I was diagnosed with stage 4B Hodgkin’s Lymphoma on Thursday, February 26, 2015. It was a surreal moment when I first heard the words from my oncologist – “you have cancer”. Especially because prior to our first meeting I did some research and tried to stage myself. I estimated myself to be around stage 2, maybe. Clearly I was way off. I looked to my parents who exchanged the same look of disbelief with me. Then quickly looked away before I saw the fear and sadness settle across their faces. There’s no way to prepare yourself to hear those words. It’s not something they teach you in school or think it's something you'll ever have to hear in your lifetime. My mind started to race as dozens of thoughts flashed in my mind. ‘How am I stage 4? I don’t feel like I’m that sick. This has to be a mistake’, ‘How did this happen? Where did this even come from?’, ‘Am I going to die?’, ‘Holy crap, I’m going to lose my hair!’, ‘Now what do I do?!’ Needless to say that is one date that I will never forget.
Over the next 6 months I went through a regiment of 12 ABVD chemotherapy treatments, 12 chemo day picnic lunches in my treatment center's waiting room (10 with my dad, 1 with my mom and 1 with my younger brother), hair loss, bouts of low energy, low white blood cell counts, PET scans, one blood clot scare and what felt like an infinite amount of doctor appointments. I think I would have had almost perfect attendance at work during my treatment if it weren’t for that pesky blood clot that kept me home for three days. There were plenty of days that I didn’t want to get out of bed, and a few that I actually didn’t. Was I tired and sometimes low on energy? Of course. But I wasn’t going to let this hold me back from living my life. I went to work every day, I hung out with my friends and went on my family’s summer vacation. I refused to give in to the cancer and let it change who I was. To me, if I took a step back from everything then I would have been giving in to the disease that was attempting to take my life. I would be allowing it to do the one thing I refused to let it do: change me, weaken me.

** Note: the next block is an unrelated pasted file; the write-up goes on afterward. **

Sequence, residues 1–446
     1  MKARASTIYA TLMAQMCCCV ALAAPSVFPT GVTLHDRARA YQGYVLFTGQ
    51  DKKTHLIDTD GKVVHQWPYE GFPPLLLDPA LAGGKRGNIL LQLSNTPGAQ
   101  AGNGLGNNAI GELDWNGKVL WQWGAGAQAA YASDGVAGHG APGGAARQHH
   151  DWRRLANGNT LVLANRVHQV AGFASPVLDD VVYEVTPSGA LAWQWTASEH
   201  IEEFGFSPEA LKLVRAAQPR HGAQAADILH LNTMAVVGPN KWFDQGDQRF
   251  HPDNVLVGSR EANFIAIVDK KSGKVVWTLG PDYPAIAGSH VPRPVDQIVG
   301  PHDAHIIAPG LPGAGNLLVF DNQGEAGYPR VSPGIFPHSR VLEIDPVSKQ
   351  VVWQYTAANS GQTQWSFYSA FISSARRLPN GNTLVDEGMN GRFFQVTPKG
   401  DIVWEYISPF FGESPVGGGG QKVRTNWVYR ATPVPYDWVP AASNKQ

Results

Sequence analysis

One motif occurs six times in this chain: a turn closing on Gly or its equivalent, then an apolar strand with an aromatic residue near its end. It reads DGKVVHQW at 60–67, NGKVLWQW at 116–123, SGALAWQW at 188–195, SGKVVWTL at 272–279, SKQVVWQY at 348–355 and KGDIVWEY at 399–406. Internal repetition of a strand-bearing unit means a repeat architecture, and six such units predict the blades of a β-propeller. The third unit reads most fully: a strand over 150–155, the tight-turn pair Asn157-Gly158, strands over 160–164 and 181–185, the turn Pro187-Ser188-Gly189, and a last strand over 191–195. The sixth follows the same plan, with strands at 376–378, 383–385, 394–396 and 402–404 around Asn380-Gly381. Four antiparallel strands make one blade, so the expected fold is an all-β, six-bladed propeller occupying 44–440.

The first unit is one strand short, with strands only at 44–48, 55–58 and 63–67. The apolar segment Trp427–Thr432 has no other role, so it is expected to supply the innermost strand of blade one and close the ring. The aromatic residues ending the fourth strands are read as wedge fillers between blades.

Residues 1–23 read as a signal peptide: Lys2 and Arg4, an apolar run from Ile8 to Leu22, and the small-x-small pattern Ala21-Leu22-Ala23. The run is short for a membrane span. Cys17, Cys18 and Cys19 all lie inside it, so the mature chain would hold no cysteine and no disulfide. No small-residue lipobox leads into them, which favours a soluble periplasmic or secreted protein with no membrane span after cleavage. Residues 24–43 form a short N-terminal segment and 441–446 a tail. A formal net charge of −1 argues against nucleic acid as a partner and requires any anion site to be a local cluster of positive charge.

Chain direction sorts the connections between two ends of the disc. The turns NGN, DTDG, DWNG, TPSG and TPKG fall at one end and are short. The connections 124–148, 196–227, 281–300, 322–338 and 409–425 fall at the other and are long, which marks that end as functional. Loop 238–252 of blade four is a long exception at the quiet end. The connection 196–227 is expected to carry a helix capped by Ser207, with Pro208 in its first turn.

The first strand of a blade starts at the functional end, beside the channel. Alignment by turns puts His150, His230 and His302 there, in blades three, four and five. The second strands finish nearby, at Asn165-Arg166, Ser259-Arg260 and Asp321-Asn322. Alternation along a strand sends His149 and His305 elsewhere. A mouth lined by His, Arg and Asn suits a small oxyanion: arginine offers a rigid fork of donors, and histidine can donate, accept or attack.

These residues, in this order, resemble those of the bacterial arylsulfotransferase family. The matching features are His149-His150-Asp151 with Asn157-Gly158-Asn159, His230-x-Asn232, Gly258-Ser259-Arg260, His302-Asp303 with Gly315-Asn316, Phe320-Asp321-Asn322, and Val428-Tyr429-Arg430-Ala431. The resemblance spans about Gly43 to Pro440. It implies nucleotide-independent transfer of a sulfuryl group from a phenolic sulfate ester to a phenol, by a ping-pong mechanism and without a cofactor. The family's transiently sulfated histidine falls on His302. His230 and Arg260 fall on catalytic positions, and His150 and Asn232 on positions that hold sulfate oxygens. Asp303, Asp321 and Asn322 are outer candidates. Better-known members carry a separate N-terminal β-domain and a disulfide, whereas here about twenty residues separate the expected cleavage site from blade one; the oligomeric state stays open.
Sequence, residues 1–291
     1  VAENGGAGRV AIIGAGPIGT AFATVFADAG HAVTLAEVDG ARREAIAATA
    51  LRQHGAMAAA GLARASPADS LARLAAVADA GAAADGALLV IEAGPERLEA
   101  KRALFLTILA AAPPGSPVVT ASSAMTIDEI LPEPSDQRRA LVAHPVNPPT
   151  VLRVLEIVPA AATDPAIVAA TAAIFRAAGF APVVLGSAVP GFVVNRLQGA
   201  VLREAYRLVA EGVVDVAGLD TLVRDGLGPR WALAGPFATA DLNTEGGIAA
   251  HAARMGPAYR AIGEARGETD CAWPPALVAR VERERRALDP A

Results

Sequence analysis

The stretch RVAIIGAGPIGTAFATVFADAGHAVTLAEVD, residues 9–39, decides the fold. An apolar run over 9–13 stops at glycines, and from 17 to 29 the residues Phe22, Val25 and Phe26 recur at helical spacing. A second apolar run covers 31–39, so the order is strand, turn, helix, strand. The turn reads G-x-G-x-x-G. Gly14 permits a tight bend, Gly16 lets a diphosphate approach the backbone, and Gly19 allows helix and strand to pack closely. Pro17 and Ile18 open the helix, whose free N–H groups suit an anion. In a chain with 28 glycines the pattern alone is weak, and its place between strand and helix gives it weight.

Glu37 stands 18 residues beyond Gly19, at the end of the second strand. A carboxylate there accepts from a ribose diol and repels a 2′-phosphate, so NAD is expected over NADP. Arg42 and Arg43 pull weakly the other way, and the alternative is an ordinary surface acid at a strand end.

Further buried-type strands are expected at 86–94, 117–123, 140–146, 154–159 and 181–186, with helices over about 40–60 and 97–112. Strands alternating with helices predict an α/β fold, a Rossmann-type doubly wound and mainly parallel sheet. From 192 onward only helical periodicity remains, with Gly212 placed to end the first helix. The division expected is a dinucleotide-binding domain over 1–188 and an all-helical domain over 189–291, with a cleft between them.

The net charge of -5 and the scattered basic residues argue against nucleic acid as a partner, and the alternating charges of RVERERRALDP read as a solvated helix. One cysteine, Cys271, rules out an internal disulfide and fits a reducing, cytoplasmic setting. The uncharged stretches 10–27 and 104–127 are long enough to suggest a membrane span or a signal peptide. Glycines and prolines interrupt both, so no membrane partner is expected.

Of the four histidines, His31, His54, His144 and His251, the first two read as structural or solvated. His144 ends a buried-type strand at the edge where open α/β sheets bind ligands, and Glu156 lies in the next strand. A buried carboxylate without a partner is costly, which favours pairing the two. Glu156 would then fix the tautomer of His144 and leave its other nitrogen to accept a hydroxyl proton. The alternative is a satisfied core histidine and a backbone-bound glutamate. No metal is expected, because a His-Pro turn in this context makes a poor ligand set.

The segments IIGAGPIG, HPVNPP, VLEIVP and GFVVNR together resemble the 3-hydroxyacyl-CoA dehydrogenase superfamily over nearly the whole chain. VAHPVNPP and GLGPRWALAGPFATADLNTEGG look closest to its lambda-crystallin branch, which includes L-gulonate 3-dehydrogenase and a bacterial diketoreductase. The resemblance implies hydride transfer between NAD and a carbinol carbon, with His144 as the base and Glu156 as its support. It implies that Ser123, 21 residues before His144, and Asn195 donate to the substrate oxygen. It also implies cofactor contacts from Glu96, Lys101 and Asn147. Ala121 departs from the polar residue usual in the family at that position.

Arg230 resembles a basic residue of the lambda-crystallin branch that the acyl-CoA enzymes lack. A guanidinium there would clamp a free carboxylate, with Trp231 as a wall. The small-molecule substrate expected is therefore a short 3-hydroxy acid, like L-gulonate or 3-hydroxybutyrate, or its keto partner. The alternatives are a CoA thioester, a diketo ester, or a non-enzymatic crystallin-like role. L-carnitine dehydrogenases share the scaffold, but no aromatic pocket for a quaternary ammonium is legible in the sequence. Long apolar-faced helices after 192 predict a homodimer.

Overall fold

Flash forward to Thursday, September 24, 2015, about five weeks after my last chemotherapy treatment. My parents and I sat in the examining room with my doctor, waiting for him to give us the results from my last PET scan. Ironically enough, it was the exact same room we had first met with him when I was diagnosed months earlier. I was on the edge of my seat waiting for him to pull up the report from the imaging center. Was he going to tell me good news? Did the treatment work? Or would it be bad news and that I'd have to continue treatment with a stronger dose? When I saw the document appear on the screen I held my breath. While he reviewed the report I looked over his shoulder and was just about able to make out the words in the concluding paragraph, “…no hypermetabolic lesions present…” Did that mean what I thought it did? He turned around and said ‘Ok, you’re clear’. Just like that. It was official, I was in remission. I finally got the news that I had waited 6 long months to hear and it felt wonderful.